I remember July 1969 in Wauwatosa, watching his "one small step" at our neighbors' house, and every person was overjoyed, filled with hope for the future for everyone. I was especially proud because my aunt worked in Milwaukee at the place (AC Sparkplug) that made the guidance system that took them to the moon and back safely.
    I recently heard the reaction at NASA when the Curiosity rover landed safely on Mars; their was a big celebration, for parallel reasons to that of the moon landing.
    Neil Armstrong has made some statements in recent years stating that perhaps some of the true mission of NASA was being reduced due to efforts to privatize the operation. He was right--NASA was a government operation, but it was not somehow socialistic, as it always employed lots of contractors like AC Sparkplug to build their space travel system.
    May Neil Armstrong's legacy live forever!

    1. Yes, thank you for your response. So many, many people gladly contributed to the common cause to advance mankind through these missions. Some through direct government employment, others through government subcontractors like JPL or Raytheon or manufacturers like AC Sparkplug, Sperry Controls etc. Others contributed through the progressive income tax system to finance the advancement of science and technologies that proved to have direct benefit to improve consumer products or living standards in the fields of health, communications etc.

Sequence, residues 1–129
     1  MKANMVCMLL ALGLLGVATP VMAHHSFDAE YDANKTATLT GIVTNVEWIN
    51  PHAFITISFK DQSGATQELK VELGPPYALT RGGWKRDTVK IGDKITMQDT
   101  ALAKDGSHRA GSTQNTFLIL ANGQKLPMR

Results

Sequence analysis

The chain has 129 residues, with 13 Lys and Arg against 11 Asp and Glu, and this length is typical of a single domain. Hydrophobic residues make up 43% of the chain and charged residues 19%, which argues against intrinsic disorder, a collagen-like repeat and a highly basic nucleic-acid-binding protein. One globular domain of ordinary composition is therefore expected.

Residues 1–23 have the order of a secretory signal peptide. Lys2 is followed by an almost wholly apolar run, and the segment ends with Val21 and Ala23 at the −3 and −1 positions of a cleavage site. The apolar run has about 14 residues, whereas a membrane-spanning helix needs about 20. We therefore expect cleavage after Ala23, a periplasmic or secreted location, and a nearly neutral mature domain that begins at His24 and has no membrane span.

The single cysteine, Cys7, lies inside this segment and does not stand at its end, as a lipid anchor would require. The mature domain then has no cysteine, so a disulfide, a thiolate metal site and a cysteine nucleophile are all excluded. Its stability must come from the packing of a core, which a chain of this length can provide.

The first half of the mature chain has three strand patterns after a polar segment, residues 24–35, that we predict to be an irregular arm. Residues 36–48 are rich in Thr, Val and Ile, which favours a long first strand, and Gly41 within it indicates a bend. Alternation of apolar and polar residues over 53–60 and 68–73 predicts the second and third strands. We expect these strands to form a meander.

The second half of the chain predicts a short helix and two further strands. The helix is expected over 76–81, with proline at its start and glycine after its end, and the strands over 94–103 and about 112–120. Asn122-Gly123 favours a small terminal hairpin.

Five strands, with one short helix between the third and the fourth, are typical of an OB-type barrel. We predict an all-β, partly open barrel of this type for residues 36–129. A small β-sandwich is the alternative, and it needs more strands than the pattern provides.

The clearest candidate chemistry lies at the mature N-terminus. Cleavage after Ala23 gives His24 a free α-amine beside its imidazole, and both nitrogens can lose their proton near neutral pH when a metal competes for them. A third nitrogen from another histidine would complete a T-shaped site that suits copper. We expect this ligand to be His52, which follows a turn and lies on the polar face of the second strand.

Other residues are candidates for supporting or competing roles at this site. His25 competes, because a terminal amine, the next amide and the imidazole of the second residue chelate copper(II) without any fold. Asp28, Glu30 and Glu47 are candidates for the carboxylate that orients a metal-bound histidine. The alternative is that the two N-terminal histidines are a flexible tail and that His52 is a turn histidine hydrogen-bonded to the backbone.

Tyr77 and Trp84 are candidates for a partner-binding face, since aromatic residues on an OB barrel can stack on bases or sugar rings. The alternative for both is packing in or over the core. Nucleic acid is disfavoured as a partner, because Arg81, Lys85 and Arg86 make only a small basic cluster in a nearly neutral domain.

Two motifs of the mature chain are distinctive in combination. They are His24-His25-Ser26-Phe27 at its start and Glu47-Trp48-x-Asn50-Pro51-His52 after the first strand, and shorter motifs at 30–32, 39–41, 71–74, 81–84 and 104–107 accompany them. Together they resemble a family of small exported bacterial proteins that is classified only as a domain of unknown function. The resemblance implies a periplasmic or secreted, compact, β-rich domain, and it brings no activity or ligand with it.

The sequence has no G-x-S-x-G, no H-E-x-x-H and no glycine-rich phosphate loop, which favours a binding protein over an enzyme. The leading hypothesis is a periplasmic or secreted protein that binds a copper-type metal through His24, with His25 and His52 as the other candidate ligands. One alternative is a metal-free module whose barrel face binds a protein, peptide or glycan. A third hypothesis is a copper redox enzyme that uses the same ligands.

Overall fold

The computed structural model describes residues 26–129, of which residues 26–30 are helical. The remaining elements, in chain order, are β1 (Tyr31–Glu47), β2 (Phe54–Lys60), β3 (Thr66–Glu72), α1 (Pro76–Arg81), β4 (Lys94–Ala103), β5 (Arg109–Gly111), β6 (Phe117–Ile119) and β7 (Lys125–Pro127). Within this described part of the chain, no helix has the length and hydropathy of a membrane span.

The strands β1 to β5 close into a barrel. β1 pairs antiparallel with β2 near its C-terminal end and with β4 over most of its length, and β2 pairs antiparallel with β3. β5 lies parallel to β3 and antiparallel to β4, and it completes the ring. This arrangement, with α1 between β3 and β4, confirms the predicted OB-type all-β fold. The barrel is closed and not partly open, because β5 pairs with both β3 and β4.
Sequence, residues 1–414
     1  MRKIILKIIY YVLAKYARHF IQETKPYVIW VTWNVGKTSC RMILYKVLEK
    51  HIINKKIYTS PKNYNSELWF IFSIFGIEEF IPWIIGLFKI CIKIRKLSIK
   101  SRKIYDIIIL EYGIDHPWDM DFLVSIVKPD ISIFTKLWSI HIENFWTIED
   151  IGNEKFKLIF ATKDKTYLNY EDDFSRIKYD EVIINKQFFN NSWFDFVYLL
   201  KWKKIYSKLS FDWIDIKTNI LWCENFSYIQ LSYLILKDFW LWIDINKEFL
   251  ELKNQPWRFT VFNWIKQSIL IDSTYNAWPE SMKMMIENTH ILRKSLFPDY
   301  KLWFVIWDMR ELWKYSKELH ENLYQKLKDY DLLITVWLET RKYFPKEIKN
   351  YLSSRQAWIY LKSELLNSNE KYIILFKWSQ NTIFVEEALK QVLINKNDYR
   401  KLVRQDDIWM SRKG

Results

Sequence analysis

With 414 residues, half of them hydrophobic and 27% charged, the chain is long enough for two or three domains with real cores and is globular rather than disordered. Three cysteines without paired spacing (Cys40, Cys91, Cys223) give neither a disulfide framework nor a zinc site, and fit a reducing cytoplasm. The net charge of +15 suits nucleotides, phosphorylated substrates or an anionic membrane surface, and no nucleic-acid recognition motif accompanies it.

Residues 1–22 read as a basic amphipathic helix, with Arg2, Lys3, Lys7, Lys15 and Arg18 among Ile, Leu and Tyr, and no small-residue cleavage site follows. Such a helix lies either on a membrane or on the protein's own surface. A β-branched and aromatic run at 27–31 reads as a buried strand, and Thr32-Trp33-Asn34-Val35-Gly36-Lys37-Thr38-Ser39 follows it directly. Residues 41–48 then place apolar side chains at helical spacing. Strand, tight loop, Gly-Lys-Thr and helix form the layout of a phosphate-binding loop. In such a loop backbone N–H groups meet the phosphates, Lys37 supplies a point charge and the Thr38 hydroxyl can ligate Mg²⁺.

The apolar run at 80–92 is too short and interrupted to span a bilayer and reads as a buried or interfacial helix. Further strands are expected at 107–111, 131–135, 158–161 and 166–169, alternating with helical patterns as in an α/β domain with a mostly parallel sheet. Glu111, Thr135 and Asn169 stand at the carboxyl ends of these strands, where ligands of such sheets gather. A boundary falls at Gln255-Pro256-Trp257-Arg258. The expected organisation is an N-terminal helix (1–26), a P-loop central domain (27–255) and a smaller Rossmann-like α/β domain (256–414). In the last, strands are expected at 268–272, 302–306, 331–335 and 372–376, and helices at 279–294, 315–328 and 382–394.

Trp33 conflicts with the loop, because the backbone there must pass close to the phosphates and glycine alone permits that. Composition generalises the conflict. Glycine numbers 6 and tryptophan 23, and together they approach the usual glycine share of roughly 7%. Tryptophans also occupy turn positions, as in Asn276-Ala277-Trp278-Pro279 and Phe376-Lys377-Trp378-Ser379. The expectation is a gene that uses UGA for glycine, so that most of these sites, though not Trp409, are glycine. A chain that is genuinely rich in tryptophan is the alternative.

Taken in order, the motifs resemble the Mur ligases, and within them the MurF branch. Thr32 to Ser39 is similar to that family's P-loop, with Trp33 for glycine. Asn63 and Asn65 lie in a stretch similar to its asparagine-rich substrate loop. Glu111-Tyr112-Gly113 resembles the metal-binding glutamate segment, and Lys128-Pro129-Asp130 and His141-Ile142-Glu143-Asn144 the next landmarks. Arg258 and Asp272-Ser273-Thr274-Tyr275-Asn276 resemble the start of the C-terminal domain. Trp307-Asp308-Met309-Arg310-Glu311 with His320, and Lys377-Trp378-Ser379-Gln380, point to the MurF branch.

All of this grew our economy at an unprecedented pace. Additionally increased revenues to government were all derived from the investment, especially in education and training, our government made in the original GI Bill. We could replicate yet another "Greatest Generation", if only those in charge of policy would again promote FREE college education and vocational training, as it used to do to enhance a broad based social upward mobility, especially for those against whom the Republican party is currently intent on recreating obstacles. This could immediately be achieved by declaring a student loan Jubilee or re-permitting the discharge of student debt in Chapter 7 bankruptcy proceedings. A modest re-allocation of resources by the enactment of a Tobin tax and the expiration of the Bush tax cuts for those whose incomes are above $250,000, would go far to address the need for economic stimulus that the Republicans continually bleat on about, while not giving credit to the expired stimulus that kept teachers and other public segment workers in the discretionary income category.

      Truly green technologies, especially in the closed-loop energy segments such as solar, wind, wave and yes, even fusion are the perfect new imperative-driven missions we could use to boost the economy; a rising tide to lift all boats. Sadly when too few of us are willing, those ways are further out of reach. The blessings of information and communication let each of us know we are not isolated dreamers but linked by necessity to not let the selfish keep us down or out. This would be a way to give Neil Armstrong's legacy a permanence of substance over lip-service style.